Four reasons why we still love Nintendo

by Andrew Kulp

Nintendo sparked a backlash in March by following through on its promise to kill off its Super Mario Bros. 35 battle royale and discontinue sales of Super Mario 3D All-Stars. While those and related moves were justified as a way of making limited-edition releases feel special, many players saw the removal of games or features as needlessly punitive. After all, how does that benefit players?

But this is Nintendo. You know we can't stay mad at them!

The controversy around Mario was only the latest unforced-error-turned-PR-fiasco that is seemingly inevitable in the industry. Revelations about dormant Bluetooth functionality for the Switch, beloved franchises like F-Zero being kept in mothballs and aggressive enforcement of intellectual property rights are just a few examples of recent negative publicity.

Some critics point to these missteps and will go so far as to say it's evidence that Nintendo hates its own fans. (Granted, nowhere near as much as Sony hates its fans, but that's an issue for another column.)

Sure, mistakes get made -- looking at you, Virtual Boy -- yet, Nintendo built an empire on taking a contrarian position in the industry. And, historically, whenever the mob starts to scrutinize the company's strategy, it's usually time to buy stock.

Read more: Top 5 Nintendo franchise games on the Switch

The U.S. release of the NES came in the wake of the video game crash of 1983, when the entire market had been left for dead. Years later, when every other form of technology was already transitioning to disc drives, Nintendo produced a cartridge-based N64. When Sony and Microsoft continued pushing out traditional consoles, Nintendo went all-in on the Wii and its motion-play gimmick. While Sony and Microsoft continue building roided-out, state-of-the-art machines, Nintendo is enjoying a strong following with its comparatively underpowered but more convenient and accessible Switch.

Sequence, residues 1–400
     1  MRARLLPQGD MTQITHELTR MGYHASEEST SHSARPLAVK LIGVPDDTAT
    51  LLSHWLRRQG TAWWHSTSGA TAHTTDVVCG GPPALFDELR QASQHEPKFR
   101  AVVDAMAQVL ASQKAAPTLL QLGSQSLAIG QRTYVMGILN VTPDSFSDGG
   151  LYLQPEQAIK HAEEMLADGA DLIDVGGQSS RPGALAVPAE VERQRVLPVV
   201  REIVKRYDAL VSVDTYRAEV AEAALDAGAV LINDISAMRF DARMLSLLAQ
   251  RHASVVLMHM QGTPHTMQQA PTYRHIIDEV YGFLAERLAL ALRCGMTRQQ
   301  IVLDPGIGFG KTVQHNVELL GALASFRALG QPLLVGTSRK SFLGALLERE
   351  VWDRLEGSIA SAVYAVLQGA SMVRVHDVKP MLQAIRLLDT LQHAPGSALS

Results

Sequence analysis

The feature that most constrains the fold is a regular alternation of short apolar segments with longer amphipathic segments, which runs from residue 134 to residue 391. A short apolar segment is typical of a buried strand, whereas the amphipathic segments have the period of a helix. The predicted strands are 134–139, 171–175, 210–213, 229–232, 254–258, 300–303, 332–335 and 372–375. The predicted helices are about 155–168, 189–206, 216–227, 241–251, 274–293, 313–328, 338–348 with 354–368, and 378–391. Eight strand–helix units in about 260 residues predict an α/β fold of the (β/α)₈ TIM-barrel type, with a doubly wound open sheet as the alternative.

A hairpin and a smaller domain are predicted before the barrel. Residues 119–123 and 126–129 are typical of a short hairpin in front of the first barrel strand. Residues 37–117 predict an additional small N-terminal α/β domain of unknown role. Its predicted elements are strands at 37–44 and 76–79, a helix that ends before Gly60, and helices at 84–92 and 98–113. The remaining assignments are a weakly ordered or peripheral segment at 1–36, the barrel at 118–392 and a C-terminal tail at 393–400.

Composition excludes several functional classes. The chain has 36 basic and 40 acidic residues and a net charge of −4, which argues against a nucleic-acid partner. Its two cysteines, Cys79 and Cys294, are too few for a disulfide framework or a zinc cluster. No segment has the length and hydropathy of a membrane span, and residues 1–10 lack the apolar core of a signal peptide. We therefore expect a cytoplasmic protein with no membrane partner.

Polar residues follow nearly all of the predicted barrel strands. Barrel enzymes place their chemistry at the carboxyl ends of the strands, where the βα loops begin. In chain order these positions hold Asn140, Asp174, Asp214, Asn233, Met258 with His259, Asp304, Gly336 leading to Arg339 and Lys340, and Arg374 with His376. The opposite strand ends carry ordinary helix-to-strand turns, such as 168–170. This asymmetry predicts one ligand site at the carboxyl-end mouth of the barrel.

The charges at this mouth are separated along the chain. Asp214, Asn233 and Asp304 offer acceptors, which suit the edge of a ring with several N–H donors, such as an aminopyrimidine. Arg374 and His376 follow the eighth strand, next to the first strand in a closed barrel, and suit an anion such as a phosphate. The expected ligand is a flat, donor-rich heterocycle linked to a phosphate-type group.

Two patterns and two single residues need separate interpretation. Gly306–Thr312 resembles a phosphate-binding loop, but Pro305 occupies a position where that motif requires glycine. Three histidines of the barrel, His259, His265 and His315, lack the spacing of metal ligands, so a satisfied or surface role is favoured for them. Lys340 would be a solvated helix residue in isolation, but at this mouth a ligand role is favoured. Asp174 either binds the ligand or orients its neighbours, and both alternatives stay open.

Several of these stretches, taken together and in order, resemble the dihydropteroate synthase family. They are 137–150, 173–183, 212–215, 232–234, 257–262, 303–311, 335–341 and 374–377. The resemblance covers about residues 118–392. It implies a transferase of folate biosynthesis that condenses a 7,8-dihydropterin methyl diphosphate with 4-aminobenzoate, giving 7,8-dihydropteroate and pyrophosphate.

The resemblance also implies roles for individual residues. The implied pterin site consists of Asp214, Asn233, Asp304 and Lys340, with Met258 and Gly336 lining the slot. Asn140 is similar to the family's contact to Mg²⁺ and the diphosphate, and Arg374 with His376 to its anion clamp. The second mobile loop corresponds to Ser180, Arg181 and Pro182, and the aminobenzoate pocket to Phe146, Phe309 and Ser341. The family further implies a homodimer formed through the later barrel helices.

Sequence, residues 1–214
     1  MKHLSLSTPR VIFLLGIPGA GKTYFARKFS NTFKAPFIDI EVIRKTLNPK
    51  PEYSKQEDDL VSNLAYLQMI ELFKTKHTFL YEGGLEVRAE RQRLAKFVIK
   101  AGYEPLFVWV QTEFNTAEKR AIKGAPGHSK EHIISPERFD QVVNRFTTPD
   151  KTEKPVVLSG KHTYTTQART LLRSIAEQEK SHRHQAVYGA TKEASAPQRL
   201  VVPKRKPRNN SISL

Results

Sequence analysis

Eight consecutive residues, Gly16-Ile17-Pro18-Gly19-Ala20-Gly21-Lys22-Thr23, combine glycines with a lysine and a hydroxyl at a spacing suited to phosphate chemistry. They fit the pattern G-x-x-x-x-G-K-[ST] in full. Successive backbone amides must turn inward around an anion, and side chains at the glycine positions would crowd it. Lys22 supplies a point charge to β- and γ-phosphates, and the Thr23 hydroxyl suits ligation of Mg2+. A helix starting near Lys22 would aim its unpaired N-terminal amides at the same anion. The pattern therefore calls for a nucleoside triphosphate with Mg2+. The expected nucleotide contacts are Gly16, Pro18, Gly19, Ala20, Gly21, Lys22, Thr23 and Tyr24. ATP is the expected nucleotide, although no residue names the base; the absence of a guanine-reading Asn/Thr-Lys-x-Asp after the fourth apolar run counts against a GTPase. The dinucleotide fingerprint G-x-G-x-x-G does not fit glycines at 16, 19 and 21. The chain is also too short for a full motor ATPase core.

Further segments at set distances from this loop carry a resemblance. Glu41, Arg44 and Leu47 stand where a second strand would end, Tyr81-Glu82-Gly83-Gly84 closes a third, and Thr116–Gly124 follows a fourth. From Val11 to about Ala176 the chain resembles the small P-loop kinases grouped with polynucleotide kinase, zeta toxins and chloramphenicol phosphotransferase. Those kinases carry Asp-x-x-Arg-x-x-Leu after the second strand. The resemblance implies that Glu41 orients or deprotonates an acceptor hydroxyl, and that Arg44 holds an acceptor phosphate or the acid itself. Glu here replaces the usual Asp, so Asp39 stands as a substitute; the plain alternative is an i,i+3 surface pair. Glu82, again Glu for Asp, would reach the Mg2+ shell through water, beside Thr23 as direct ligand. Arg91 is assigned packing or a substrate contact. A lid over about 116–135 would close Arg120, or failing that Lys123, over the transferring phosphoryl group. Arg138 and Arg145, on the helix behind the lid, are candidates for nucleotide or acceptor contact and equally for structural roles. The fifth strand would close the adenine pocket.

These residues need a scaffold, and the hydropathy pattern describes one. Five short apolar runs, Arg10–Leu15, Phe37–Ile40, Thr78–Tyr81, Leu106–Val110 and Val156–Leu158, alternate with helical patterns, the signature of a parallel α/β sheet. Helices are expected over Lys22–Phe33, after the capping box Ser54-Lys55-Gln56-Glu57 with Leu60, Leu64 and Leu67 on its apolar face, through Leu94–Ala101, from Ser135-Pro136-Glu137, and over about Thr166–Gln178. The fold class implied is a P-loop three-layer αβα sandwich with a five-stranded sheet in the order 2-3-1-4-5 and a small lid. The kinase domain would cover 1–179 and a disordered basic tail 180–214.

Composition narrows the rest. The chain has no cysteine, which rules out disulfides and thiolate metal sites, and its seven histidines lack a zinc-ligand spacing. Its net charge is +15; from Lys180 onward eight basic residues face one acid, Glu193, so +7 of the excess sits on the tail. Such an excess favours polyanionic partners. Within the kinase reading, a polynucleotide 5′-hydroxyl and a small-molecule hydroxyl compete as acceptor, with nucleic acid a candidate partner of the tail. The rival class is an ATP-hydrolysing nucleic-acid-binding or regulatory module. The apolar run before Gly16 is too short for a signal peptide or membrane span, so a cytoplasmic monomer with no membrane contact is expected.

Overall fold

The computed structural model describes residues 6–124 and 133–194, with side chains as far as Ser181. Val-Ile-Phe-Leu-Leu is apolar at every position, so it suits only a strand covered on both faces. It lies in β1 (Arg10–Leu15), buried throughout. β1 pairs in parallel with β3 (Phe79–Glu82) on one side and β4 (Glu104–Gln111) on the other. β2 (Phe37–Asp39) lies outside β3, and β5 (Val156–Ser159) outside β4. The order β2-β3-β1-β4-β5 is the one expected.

For better or worse, Nintendo has always operated with a bit of a defiant streak. Its distinctive approach has played a part in cultivating a rabid following that, some 35 years after the NES dropped, shows no signs of fading -- even if the company does drop the ball on occasion.

Whether or not Nintendo is your cup of tea or you've been disappointed by some of their decisions, legions of loyal fans will continue to love and support the company for these reasons.

Nintendo keeps innovating

At this point, Sony and Microsoft are engaged in a full-on technology arms race. They might dabble in innovative platforms such as PlayStation VR or Xbox's ill-fated Kinect, but the meat and potatoes of their console business is old-school, controller-in-hands gaming.

Nintendo isn't merely dabbling with innovation, though. It's constantly pushing the industry in new and different directions, especially since the launch of the Wii in 2006. In fact, the company hasn't released a "traditional" console in nearly 20 years, since the GameCube hit shelves in 2001.